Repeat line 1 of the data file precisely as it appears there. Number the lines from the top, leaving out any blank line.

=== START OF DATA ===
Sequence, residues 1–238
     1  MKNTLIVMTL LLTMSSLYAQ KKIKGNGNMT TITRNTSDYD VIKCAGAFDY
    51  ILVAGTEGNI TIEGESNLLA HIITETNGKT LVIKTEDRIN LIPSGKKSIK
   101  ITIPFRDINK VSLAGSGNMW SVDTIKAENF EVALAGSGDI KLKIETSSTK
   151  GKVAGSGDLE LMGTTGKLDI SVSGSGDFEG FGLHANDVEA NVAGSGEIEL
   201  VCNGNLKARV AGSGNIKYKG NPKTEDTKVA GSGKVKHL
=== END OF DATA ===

Sequence, residues 1–238